In general, most retirement plan advisers are familiar with the 3(21) relationship: The adviser is responsible for the advice that he gives, and the plan sponsor is responsible as a co-fiduciary for acting on that advice. However, not many retirement plan advisers are able to serve in a 3(38) fiduciary status, where the person who appoints the 3(38) has a fiduciary obligation to exercise due diligence in the appointment and future monitoring, but the actual investment decisions are made by the 3(38). Joe Frustaglio, vice president of private-sector retirement plan sales for Nationwide Financial; Chuck Rolph, director in the Advanced Consulting Group for Nationwide Financial; and Dick Friedman, managing director of Corporate Retirement Services for IRON Financial, spoke with Alison Cooke Mintzer, editor-in-chief of PLANADVISER, about the 3(38) fiduciary responsibility and how advisers can use outsourced 3(38) fiduciaries to add value to their practices and their clients.
PA: Why are plan sponsors interested in outsourcing some of their fiduciary responsibilities?
Frustaglio: Sponsors have always expressed that managing fiduciary risk is a challenge, but given the growing importance of defined contribution (DC) assets and increased regulatory scrutiny, sponsors are looking for ways to improve plan performance while minimizing risk. Hiring outside experts often helps them achieve both goals.
PA: What is a 3(38) outsourced responsibility? What does that entail and what is turned over, if you will?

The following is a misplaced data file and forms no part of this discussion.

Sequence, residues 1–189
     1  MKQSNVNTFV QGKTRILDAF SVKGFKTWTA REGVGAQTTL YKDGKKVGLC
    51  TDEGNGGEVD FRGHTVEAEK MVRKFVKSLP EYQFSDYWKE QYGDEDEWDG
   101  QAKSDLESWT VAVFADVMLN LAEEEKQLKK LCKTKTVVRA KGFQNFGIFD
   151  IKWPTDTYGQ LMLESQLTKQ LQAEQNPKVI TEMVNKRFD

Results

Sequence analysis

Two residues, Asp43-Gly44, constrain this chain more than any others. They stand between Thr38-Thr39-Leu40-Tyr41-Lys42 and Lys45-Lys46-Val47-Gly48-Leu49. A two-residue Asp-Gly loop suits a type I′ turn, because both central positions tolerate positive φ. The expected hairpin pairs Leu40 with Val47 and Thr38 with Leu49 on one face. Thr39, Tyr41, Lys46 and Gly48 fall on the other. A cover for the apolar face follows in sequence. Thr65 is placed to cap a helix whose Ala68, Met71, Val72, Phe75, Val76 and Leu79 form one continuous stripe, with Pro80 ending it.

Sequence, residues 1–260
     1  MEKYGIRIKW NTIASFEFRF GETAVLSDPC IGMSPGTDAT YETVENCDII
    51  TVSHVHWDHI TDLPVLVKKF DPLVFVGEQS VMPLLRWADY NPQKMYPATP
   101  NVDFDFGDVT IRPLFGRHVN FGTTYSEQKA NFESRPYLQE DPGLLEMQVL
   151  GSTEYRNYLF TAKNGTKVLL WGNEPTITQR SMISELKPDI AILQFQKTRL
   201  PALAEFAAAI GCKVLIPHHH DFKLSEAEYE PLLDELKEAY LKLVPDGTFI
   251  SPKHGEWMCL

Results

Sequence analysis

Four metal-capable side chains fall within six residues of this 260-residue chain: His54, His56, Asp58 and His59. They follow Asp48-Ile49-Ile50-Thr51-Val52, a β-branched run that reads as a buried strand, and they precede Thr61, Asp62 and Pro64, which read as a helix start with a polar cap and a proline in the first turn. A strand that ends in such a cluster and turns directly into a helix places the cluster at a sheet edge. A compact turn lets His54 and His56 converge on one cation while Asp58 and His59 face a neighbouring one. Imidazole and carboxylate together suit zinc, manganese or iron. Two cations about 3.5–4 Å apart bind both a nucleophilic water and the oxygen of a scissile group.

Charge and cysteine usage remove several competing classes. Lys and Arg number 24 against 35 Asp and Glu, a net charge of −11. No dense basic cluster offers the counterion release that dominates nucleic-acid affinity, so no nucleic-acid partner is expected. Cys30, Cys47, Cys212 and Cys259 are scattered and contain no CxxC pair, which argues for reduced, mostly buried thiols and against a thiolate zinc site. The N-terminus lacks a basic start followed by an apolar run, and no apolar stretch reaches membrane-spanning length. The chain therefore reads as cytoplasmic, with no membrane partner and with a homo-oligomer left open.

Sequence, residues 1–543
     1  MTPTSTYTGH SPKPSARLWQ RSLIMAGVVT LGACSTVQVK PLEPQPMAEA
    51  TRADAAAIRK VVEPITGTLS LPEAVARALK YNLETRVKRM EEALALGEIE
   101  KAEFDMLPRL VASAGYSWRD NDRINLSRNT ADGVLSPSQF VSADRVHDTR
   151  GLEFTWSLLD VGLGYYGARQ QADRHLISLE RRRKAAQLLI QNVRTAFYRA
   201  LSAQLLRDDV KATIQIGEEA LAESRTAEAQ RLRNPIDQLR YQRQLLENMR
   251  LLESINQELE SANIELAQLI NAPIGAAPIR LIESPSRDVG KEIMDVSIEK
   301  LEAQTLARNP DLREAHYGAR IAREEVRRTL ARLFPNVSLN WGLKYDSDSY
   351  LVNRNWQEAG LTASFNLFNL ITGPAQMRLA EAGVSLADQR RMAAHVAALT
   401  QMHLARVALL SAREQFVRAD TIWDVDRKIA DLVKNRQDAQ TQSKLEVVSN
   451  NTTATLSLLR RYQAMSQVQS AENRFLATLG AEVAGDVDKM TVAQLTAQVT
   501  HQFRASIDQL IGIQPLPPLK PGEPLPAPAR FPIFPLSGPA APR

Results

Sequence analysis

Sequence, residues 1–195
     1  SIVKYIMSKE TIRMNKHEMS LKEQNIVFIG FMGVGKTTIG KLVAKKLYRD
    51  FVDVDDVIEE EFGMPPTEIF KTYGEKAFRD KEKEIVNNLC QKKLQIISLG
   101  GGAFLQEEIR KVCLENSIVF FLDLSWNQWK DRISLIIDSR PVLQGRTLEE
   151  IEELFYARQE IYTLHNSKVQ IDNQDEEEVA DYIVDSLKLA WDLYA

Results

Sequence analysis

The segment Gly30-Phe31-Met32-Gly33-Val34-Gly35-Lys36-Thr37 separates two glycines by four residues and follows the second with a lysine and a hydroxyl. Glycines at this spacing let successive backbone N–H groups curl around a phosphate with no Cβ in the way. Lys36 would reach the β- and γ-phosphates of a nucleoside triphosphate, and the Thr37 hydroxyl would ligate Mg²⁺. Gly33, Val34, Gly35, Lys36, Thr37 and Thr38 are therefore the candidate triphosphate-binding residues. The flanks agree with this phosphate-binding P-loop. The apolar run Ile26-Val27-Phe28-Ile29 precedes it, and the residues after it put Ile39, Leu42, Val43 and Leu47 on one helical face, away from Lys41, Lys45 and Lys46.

Rolph: Under Section 3(38) of the Employee Retirement Income Security Act of 1974 (ERISA), the fiduciary of the plan appoints an investment manager and gives that manager the authority to direct, monitor and select investment options for a retirement plan. By doing so, the plan fiduciary transfers the associated responsibility and liabilities to that third party, the ERISA Section 3(38) fiduciary. Part of what the 3(38) fiduciary does is develop the investment policy statement (IPS), make the investment selections, and then review those investments with the plan fiduciary that appointed the 3(38) on a regular basis.
PA: What are the options for a retirement plan adviser that wants to offer 3(38) services to its plan sponsor clients?
Rolph: ERISA is very specific in terms of what credentials a person must have in order to serve as a 3(38) fiduciary, and makes the point that a 3(38) fiduciary has to be a bank, insurance company or registered investment adviser (RIA)—somebody who’s subject to the Investment Advisers Act of 1940. So, for advisers who want to offer this service to their plan sponsor clients, the adviser either has to be an RIA or partner with a bank, insurance company, trust company or RIA.